Internal Revenue Bulletin:  2005-37 

September 12, 2005 

T.D. 9218

Exclusions From Gross Income of Foreign Corporations


DEPARTMENT OF THE TREASURY
Internal Revenue Service
26 CFR Part 1

AGENCY:

Internal Revenue Service (IRS), Treasury.

ACTION:

Final rule; delay of effective date.

SUMMARY:

This document amends the applicability date of final regulations under sections 883(a) and (c) (T.D. 9087, 2003-2 C.B. 781) which were published in the Federal Register on August 26, 2003 (68 FR 51394). Those final regulations relate to income derived by a foreign corporation from the international operation of ships or aircraft.

DATES:

Effective Date: These regulations are effective August 8, 2005.

Applicability Date: These regulations are applicable to taxable years of foreign corporations beginning after September 24, 2004.

FOR FURTHER INFORMATION CONTACT:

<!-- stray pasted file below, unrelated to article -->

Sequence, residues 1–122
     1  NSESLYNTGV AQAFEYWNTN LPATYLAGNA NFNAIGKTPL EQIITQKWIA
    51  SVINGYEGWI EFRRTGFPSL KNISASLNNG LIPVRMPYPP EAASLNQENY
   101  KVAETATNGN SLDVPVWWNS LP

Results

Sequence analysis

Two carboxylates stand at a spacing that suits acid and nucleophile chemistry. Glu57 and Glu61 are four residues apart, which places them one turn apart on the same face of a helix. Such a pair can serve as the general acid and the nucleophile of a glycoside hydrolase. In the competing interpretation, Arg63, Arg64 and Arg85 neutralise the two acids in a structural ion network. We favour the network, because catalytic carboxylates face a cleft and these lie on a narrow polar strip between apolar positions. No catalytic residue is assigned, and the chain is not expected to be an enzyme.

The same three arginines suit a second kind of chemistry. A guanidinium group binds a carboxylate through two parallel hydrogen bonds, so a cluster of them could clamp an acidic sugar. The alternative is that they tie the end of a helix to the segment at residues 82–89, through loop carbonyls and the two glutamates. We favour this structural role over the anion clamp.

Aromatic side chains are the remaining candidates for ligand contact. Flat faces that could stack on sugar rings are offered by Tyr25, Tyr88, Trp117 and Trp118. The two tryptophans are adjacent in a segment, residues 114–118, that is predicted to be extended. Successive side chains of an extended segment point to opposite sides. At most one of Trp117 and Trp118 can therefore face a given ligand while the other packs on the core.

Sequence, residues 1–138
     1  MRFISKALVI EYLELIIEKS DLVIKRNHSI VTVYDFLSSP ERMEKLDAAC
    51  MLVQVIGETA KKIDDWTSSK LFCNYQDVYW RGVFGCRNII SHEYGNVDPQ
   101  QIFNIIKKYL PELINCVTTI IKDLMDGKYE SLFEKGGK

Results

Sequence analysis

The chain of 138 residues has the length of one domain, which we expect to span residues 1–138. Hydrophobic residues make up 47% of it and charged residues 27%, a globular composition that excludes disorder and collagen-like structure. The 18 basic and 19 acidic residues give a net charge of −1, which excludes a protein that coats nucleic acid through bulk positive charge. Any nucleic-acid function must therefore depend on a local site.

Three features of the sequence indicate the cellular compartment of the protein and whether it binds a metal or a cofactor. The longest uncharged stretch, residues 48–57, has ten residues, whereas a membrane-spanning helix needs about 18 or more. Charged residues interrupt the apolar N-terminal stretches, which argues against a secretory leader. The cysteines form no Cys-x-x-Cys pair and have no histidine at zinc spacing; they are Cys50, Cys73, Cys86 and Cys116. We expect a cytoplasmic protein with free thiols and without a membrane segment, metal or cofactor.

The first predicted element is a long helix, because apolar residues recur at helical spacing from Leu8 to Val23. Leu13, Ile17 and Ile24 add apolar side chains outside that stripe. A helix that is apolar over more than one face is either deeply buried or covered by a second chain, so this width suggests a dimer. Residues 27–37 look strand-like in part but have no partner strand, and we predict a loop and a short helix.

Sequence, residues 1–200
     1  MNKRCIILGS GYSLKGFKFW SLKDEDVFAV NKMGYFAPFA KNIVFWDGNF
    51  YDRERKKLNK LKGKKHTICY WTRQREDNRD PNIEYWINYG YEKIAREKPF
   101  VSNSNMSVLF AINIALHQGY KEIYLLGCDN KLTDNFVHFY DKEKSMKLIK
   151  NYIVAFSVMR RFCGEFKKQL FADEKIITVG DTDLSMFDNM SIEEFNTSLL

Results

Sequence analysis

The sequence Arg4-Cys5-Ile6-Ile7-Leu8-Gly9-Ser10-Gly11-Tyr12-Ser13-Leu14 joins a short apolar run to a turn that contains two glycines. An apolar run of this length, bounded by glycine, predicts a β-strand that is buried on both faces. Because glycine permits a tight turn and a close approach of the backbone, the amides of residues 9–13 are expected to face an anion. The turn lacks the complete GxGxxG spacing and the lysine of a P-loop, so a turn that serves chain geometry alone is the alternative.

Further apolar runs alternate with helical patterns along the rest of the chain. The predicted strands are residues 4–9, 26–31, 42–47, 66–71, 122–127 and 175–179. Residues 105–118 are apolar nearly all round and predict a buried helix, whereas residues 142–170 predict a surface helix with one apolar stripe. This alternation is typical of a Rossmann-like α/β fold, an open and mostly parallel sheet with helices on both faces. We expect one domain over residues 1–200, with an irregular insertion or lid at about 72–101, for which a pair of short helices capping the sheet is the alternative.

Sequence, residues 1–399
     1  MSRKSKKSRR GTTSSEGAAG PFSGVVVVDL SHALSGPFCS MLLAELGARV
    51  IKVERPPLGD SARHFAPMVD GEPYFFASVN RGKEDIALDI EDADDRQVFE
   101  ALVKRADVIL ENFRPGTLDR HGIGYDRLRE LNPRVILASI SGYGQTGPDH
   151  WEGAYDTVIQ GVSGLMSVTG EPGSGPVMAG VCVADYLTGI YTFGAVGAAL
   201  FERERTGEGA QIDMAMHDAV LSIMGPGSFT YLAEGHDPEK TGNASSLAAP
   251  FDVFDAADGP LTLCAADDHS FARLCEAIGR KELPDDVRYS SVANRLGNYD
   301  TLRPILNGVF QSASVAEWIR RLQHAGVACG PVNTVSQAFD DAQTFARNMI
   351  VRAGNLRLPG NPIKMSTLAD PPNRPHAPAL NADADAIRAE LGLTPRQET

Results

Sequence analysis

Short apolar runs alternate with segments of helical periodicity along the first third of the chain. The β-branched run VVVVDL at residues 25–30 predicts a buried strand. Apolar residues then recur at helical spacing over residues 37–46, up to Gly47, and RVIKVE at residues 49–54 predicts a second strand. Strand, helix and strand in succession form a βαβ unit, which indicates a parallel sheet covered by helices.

Patricia Bray, (202) 622-3880 (not a toll-free number).

SUPPLEMENTARY INFORMATION:

Background

Sections 883(a)(1) and (a)(2) of the Internal Revenue Code (Code) provide that income derived by a foreign corporation from the international operation of ships or aircraft may be excluded from gross income.

In 2003, the Treasury Department and the IRS issued final regulations under section 883 applicable to taxable years of a foreign corporation beginning 30 days or more after August 26, 2003. The final regulations provide, in general, that a foreign corporation organized in a qualified foreign country and engaged in the international operation of ships or aircraft shall exclude qualified income from gross income for purposes of U.S. Federal income taxation, provided that the corporation can satisfy certain stock ownership and related documentation requirements.